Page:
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Is there anything better than “fake” money? Probably not.
And it’s that concept that seems to be front and center in a report released this week by the task force examining the state’s tax incentive program.
Let’s focus on one interesting part of the report – the observation that what’s being traded here is money that no one actually sees. How can this happen?
Here’s the background.
The issue has to do with tax incentives the state’s Economic Development Authority (EDA) awards to businesses relocating to, or staying in, New Jersey. The basic and constructive idea is that the arrangements are a net benefit to the state in terms of job creation and taxes in the years ahead. And the implication is that without the incentives, companies would leave, or not come here.
Some think that the EDA literally gives companies money – perhaps in a paper bag – like a drug deal. Not so. The money awarded is in the form of tax credits. Or in other words, companies pay less in taxes down the road,
This presents an intriguing problem; one the task force report explains.
” … Tax credits are essentially forgiveness of future tax liability, the funds represented by the credit are never paid into the treasury. …”
This means that the awarded credits, or shall we say, money, doesn’t seem real. No “real” money is given out. No cash leaves the state treasury. Companies just pay less in taxes in the future.
The implication here is that because the money is not “real,” it encourages the EDA to award grants without proper diligence. The report used the phrase, “getting to yes.” That means that the overriding goal of the EDA staff is to approve grant applications – get to “yes,” as opposed to getting to “no.”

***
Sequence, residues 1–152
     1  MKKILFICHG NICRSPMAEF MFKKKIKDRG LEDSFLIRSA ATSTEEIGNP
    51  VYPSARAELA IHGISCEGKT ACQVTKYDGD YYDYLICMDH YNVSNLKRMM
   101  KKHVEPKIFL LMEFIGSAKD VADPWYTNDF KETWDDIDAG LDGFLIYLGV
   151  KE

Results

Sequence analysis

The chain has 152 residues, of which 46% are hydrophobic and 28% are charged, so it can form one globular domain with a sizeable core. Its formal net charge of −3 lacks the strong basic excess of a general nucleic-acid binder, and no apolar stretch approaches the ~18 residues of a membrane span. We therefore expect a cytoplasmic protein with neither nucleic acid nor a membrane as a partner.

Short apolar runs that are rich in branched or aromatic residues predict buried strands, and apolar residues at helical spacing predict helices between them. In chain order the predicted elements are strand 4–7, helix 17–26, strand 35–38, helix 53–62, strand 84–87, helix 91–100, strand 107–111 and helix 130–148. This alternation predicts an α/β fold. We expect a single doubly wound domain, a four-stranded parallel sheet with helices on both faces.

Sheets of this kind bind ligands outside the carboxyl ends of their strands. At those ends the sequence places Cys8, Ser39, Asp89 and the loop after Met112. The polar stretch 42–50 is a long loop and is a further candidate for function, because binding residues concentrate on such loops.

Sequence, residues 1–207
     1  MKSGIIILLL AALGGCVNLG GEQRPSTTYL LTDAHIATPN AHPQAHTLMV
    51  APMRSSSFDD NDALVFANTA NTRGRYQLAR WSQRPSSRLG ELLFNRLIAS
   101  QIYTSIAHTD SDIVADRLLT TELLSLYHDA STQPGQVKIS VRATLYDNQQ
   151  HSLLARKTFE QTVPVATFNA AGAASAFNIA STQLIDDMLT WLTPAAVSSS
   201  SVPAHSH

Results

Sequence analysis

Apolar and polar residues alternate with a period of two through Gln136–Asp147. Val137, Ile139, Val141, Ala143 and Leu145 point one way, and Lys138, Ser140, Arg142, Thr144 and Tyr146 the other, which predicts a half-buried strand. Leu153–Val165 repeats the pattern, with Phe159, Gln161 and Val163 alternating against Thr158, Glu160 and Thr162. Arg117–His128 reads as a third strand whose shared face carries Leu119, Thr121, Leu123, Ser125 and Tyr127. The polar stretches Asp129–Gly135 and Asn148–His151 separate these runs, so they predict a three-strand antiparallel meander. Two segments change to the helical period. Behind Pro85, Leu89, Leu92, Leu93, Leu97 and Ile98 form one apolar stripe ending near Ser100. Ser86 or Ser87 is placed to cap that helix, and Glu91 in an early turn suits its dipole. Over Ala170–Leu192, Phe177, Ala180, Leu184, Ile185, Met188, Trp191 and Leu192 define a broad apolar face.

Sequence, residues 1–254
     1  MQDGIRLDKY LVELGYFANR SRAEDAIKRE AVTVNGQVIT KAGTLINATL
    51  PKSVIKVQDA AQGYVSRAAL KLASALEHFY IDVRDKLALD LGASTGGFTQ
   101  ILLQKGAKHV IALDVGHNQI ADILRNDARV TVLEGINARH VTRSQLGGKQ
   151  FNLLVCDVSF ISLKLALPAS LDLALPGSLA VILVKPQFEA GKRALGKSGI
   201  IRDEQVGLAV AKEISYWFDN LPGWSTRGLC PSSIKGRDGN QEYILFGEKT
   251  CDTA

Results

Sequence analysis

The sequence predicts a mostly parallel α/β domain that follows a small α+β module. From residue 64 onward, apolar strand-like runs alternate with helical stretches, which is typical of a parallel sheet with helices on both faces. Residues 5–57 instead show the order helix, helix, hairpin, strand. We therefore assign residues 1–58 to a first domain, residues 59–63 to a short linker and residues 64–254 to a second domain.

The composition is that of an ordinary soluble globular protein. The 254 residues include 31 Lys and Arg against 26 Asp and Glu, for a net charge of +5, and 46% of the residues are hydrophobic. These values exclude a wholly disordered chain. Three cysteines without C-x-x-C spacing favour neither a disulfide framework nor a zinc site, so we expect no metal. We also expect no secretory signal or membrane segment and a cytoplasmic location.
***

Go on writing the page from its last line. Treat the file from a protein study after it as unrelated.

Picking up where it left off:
The latest report highlights significant problems in how the EDA has gotten to “yes” over the years.
It points to cases in which grant applicants said they were considering moving to locations outside of New Jersey when they really weren’t. Some might call this deception.
Then, there were related cases in which a company seeking grants to come to the state falsely said it was also looking at sites outside the state. One case cited by the report even spoke of an official backdating letters to maintain this phony facade.
Additionally, the report noted that the EDA makes money – this would be real money – through application fees from companies seeking grants. And get this, the higher the tax credit awarded, the higher the fees to the EDA. So, quite obviously, the EDA reaps “real” money by doling out the “fake” money we just described.
Those who are following all this understand the politics involved.
In short, the governor created the special tax force to review the EDA program partly because many of the grants went to Camden-area companies connected to one of his political adversaries – George Norcross. That is why the task force seems just about totally focused on Camden.
In turn, the state Senate, which is much more favorable to Norcross, has put together a committee of its own to examine the program. This is the group that entertained Norcross as a witness back in November. We say “entertained,” because Norcross was asked no tough questions.
The politics here still has to play out.
And in contrast to the grants being doled out, the politics is all too real.